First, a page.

Better Business Bureau Warns: Cash-Gifting Epidemic Online; Organization Says 22,974 Gifting Videos Posted On YouTube
In the days after the government’s August seizure of tens of millions in the AdSurfDaily probe amid Ponzi allegations, opportunists stepped in to fill the void by offering cash-gifting schemes.
Today, months later, opportunists trading on Ponzi pain are using the names of autosurfs and autosurf-related keywords to drive traffic to cash-gifting websites.
The Better Business Bureau (BBB) says gifting programs and gifting clubs are flourishing on the Internet, taking advantage of families struggling to make ends meet in the poor economy.
BBB has issued a warning “that cash gifting is not a legitimate way to make a few extra dollars, and in fact, is nothing more than a pyramid scheme.”
How widespread is the problem? BBB reports there are 22,974 cash-gifting videos on YouTube. The videos have garnered an “astounding 59,192,963 views,” BBB adds, citing statistics from TubeMogul, an online video analytics company.
Cash-gifting purveyors are “targeting people with some form of an affinity — such as womenâ€™s clubs, community groups, church congregations, social clubs and special interest groups, BBB says.
â€œBernie Madoff isnâ€™t the only guy with a Ponzi scheme,” says Steve Cox, a BBB spokesman. “Money-making opportunities promising big returns for little work are all over the Internet and are extremely enticing to millions of people struggling with todayâ€™s economy.
Run like there’s no tomorrow, warns Cox.
“Anyone tempted by slick cash gifting marketing appeals should run in the opposite direction, or they run the risk of being the next person ripped off by a pyramid scheme,â€ he says.
BBB said cash-gifting promotions typically are vague, adding that a video performer “might even open a FedEx envelope with cash inside to prove the effectiveness of the program.”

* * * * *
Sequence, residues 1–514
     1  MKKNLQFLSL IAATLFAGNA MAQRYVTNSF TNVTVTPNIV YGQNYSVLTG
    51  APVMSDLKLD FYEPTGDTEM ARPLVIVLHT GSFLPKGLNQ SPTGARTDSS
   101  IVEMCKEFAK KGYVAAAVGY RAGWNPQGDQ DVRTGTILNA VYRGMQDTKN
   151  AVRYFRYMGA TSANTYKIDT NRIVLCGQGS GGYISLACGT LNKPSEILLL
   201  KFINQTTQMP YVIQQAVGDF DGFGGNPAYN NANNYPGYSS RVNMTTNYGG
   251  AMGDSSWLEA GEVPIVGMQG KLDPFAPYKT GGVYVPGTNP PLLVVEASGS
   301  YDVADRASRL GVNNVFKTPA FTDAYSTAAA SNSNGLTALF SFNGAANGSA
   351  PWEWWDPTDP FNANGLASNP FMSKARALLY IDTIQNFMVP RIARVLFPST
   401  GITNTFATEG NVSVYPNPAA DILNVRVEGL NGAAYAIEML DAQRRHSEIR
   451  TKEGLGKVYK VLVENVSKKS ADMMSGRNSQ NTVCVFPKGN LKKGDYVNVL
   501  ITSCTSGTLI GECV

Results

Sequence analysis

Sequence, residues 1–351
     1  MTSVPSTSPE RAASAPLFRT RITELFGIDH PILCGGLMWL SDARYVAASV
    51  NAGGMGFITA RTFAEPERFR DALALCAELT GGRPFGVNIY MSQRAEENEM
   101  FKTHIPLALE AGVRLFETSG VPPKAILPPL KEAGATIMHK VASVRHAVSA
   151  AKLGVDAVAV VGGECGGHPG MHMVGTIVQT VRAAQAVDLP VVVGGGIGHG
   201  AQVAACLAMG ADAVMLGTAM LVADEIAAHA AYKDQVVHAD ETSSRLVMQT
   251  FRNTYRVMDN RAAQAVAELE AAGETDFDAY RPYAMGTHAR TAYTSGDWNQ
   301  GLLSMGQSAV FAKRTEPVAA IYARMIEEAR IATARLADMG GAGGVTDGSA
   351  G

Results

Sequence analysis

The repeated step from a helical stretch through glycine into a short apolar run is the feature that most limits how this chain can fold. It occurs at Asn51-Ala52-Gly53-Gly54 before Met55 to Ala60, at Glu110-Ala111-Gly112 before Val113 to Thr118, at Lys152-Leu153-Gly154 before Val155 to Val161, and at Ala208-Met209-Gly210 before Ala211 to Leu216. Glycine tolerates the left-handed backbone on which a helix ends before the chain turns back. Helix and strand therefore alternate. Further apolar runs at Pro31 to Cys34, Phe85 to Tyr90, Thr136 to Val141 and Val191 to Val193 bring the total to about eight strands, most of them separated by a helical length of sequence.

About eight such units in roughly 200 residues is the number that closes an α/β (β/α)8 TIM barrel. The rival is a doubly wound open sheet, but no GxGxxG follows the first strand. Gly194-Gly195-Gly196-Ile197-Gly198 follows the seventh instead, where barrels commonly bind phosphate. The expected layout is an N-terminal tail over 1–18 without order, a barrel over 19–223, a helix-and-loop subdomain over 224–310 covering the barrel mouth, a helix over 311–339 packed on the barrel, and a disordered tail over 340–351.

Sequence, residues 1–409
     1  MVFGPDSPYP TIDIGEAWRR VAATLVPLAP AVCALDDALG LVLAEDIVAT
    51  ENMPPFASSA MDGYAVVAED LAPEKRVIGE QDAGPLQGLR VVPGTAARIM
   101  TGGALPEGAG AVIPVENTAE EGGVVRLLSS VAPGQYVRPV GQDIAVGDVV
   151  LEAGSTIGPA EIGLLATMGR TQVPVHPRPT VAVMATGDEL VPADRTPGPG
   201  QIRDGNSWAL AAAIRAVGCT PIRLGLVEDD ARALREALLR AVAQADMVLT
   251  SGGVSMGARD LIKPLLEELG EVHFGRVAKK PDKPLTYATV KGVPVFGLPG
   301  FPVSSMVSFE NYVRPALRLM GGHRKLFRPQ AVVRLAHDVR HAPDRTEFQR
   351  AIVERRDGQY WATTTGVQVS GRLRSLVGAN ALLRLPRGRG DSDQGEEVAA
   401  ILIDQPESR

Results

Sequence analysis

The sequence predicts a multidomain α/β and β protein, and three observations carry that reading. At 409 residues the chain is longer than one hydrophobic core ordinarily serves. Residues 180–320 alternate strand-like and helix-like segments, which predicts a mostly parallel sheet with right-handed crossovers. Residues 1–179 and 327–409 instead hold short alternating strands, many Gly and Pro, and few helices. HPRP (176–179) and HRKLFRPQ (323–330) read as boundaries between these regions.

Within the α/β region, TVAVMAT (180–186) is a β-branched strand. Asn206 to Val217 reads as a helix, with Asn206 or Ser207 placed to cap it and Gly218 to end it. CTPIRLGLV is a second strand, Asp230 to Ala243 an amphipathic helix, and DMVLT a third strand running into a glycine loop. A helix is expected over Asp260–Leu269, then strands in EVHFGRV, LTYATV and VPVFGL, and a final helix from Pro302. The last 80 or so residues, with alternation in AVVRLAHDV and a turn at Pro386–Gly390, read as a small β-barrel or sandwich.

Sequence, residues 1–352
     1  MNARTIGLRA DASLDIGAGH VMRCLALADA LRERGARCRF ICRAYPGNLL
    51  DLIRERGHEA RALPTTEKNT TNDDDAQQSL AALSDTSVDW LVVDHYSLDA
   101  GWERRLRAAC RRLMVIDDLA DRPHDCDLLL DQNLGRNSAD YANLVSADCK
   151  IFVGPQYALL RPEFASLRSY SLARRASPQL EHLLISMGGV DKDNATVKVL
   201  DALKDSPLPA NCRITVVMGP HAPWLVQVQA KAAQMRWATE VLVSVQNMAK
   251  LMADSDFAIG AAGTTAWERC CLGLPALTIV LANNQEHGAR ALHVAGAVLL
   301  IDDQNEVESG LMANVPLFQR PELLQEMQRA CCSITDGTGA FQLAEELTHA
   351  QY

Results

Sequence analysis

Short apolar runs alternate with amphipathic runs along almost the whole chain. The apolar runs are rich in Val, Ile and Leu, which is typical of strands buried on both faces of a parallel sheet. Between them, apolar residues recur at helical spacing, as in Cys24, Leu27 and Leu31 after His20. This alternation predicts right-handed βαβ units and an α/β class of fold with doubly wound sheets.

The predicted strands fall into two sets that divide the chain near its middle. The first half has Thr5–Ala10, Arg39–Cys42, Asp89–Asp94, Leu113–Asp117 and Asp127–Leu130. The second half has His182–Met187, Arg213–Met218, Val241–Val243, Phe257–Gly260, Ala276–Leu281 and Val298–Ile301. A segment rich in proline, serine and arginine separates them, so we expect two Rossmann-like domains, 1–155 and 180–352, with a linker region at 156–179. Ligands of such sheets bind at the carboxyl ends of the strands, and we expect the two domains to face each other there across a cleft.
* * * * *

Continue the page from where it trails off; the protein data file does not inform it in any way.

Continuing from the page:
Scammers often tout the programs as fundraisers for a worthy cause or as “empowerment” programs to help people help themselves. Prospects may be asked to pay anywhere from $150 to $5,000 to join.
Money then is funneled to people farther up the pyramid, and participants then recruit more people to join in order to start making money themselves.
Beware of assertions the programs are legal and sanctioned by the IRS, BBB cautions.
“Almost every state has laws prohibiting pyramid schemes and/or assesses penalties on those who participate, and the Federal Trade Commission and many state attorneys general have issued warnings about cash-gifting clubs, BBB says.
Here are some questions consumers should ask, according to BBB:
- Do I have to make an â€œinvestmentâ€ or give money to obtain the right to recruit others into the program?
- When I recruit another person into the program, will I receive what the law calls â€œconsiderationâ€ (that usually means money) as a result?
- Will the person I recruit have to make an â€œinvestmentâ€ or give money to obtain the right to recruit and receive â€œconsiderationâ€ for getting other people to join?
If the answers are â€œyes,â€ BBB warns people to steer clear of the scheme.
“Donâ€™t give in to tempting claims online and never buckle under to high-pressure sales pitches, even when they come from the mouth of a trusted friend, co-worker, neighbor or church member,” BBB advises.